Future advances

DNA-based technologies will continue to increase the speed, sensitivity and accuracy of pest and pathogen detection and diagnosis.

Monitoring will improve with remote sensing technologies, novel sensors and biosensors. A diverse range of novel control methods are continually being developed. AHDB Horticulture projects focus on technologies which show real potential to be of practical use in commercial production.

In the protected sector, examples of current AHDB development projects include:

  • AHDB Horticulture project PE 001‘Cucumber: Improving control of gummy stem blight’ developed monoclonal antisera and a laboratory-based ELISA test to monitor glasshouse aerosols for Mycosphaerella melonis spore presence. AHDB Horticulture project CP 137 ‘Cucumber: Development and testing of a lateral flow device for both gummy stem blight and powdery mildew in bio-aerosols during cucurbit production’ aims to provide information more rapidly with a lateral flow ‘on-site’ format for direct grower or consultant use. Monoclonal antibodies have been developed to the two species of cucumber powdery mildew that are known to cause the disease in European cucumber production. These antibodies are now being assessed for their selective reactivity potential to powdery mildew and the use of these diagnostic probes will be evaluated in ELISA and lateral flow for quantitative measurement of the cucumber powdery mildew pathogen and later applied to commercial production for assessment. It is hoped these will allow growers to make more informed management decisions in their crops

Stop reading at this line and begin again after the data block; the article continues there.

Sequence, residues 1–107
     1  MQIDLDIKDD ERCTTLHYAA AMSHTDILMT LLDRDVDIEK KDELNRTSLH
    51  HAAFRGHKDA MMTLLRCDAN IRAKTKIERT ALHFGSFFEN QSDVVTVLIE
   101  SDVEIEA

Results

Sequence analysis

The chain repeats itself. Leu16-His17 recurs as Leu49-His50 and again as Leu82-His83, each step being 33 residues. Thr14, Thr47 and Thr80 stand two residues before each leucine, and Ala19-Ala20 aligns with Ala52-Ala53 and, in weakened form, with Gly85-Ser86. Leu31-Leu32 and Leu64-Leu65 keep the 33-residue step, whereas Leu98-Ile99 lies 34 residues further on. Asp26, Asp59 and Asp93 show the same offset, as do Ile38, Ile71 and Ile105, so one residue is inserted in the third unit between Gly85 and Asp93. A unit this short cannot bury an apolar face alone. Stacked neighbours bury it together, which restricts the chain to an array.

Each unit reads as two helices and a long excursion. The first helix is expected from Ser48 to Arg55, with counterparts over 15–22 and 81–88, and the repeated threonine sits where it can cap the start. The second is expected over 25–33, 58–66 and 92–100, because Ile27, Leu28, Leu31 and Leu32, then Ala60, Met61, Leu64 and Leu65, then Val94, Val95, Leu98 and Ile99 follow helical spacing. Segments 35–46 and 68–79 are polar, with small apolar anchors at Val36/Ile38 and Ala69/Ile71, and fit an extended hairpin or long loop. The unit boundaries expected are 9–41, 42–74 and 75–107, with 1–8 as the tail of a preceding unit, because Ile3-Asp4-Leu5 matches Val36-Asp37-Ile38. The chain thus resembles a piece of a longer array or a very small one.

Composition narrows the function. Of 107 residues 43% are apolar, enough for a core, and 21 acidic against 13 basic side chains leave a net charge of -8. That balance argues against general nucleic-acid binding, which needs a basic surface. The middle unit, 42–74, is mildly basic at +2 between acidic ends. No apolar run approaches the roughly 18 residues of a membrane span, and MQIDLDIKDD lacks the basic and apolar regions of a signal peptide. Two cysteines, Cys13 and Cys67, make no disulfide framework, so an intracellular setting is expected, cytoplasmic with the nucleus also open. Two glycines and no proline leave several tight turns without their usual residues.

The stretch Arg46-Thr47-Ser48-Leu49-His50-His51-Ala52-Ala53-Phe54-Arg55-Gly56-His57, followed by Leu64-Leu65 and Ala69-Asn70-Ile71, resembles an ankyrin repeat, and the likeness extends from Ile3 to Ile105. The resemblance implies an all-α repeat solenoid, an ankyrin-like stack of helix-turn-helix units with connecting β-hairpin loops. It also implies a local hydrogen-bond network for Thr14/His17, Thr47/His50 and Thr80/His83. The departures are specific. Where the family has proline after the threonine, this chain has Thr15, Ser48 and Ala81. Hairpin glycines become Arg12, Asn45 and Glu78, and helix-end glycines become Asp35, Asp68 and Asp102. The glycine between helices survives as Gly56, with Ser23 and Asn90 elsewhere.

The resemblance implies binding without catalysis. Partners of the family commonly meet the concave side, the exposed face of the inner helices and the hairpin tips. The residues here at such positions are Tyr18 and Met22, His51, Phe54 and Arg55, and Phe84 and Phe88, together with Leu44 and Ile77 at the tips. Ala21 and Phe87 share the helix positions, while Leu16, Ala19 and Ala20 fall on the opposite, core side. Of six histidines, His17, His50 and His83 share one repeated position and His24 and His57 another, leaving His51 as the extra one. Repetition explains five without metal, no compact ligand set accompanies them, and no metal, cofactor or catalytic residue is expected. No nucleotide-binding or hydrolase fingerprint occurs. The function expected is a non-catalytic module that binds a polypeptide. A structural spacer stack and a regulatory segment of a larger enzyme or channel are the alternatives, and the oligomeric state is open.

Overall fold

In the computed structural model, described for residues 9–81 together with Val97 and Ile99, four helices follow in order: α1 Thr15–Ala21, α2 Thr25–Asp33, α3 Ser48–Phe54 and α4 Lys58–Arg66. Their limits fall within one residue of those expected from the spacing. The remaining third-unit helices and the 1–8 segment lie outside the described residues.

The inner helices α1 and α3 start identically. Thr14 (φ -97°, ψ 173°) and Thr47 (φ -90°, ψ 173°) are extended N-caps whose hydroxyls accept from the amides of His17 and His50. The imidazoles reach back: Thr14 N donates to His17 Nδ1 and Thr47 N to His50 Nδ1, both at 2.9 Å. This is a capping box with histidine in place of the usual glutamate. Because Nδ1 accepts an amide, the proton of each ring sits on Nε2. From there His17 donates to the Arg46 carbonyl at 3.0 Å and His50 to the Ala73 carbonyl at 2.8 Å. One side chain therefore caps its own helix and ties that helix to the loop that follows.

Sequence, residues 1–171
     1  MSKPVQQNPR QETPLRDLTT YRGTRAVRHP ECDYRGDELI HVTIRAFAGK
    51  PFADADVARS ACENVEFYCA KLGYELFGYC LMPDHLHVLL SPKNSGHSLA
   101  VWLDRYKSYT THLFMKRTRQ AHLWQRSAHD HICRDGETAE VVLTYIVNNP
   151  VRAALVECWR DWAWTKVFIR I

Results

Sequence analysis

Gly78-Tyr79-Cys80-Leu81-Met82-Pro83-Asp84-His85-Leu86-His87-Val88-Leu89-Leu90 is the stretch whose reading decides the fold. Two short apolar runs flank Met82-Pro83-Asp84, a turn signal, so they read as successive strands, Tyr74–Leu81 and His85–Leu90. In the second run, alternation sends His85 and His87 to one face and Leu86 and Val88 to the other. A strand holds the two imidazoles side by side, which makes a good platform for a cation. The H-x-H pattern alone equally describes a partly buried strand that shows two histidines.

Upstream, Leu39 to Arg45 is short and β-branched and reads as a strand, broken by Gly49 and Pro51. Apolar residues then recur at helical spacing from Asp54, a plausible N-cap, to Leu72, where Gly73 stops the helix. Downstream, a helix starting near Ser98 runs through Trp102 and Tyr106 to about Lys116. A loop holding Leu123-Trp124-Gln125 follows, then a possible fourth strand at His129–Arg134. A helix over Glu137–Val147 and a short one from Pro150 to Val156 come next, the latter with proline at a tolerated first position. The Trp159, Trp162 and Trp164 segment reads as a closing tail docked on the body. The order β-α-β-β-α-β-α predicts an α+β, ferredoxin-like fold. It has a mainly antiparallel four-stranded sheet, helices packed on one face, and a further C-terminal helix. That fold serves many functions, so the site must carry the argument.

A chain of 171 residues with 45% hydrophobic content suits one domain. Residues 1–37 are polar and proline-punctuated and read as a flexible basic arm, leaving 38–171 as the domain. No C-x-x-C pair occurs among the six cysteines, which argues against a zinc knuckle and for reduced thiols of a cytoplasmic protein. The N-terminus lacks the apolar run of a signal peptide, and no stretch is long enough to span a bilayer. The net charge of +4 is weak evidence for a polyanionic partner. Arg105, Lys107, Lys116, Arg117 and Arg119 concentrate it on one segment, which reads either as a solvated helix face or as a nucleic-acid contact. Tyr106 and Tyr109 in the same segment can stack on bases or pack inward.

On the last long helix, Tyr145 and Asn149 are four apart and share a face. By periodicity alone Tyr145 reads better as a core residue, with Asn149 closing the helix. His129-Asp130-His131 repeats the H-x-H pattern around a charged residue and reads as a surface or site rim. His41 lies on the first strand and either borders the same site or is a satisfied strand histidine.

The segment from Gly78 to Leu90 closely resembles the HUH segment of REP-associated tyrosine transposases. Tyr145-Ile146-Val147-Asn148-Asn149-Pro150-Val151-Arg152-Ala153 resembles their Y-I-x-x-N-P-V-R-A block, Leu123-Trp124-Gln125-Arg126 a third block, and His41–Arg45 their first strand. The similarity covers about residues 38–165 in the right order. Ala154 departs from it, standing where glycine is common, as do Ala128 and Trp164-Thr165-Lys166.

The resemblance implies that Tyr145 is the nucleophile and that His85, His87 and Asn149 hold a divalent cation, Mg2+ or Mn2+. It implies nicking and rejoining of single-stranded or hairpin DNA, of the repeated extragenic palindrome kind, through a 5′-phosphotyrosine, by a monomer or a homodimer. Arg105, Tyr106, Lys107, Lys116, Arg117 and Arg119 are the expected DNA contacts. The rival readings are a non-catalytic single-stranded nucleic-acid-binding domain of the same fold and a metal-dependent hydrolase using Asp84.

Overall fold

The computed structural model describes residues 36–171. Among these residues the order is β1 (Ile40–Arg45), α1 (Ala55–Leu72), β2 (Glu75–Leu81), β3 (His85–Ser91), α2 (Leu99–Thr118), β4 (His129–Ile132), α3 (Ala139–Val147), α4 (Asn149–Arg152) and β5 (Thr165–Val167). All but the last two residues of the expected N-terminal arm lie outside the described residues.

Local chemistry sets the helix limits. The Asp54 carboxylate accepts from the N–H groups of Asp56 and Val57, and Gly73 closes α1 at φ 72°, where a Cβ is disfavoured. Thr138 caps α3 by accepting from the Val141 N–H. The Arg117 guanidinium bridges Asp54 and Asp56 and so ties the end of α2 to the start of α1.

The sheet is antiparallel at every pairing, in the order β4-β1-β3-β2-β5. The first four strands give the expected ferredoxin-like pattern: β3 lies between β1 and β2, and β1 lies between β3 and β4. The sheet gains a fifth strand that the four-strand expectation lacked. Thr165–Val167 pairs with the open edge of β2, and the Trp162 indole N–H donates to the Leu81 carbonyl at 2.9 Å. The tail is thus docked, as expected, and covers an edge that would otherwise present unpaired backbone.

A competitive lateral flow assay with increasing spore numbers added.

  • AHDB Horticulture studentship CP 082‘Discovery and development of new phylloplane biocontrol agents to control insect pests’ identified several highly effective aphid-killing biocontrol bacteria. CP 120 ‘Understanding the impact of phylloplane biocontrol agents on insects’ is seeking to determine whether improved aphid-killing ability in the bacteria can be evolved and enhance the aphicidal properties
  • AHDB Horticulture project PE 029‘Protected tomato: Evaluation of biological treatments, biocides and an improved diagnostic for control of root mat disease’ aims to identify biological treatments and biocides that reliably control or suppress root mat disease by prevention of infection and transformation of protected tomato by bacteria carrying the root initiation plasmid (pRi) and to develop a rapid molecular test for early detection of infected plants

AHDB Horticulture pest and disease calls aim to develop IPM-based approach control methods for a range of crops where pest or disease is a high priority. Work will include scientific review, efficacy, cultural control, precision, monitoring, genetics, resistance, elicitors, virus and diagnostics. The calls also aim to cover industry priority needs identified by the Horticulture panels and high-priority areas of work identified in the gap analysis

The Government commissioned a Foresight report: Infectious diseases: preparing for the future. The aim of the project was to ‘produce a vision of future systems for the detection, identification and monitoring (DIM) of infectious diseases, and to assess how they might transform our capabilities in managing the future threat. The report looks ahead 10–25 years and postulates future DIM systems, based on developments in diverse areas of science. The future use of these DIM systems is then illustrated through a series of case examples. Finally, the analysis is drawn together to identify the key issues and choices that will affect their development and effective implementation.’

A conference held in Australia in 2016 ‘Smart biosecurity science for horticulture’ has some different perspectives on surveillance, monitoring and diagnostics.